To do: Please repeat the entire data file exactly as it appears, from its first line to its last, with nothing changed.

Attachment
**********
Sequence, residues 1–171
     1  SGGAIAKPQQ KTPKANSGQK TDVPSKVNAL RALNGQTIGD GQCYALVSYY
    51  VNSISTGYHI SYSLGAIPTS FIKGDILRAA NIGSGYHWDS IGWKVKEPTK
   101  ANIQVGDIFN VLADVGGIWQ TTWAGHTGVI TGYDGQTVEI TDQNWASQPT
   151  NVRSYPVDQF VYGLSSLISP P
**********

Sequence, residues 1–171
     1  SGGAIAKPQQ KTPKANSGQK TDVPSKVNAL RALNGQTIGD GQCYALVSYY
    51  VNSISTGYHI SYSLGAIPTS FIKGDILRAA NIGSGYHWDS IGWKVKEPTK
   101  ANIQVGDIFN VLADVGGIWQ TTWAGHTGVI TGYDGQTVEI TDQNWASQPT
   151  NVRSYPVDQF VYGLSSLISP P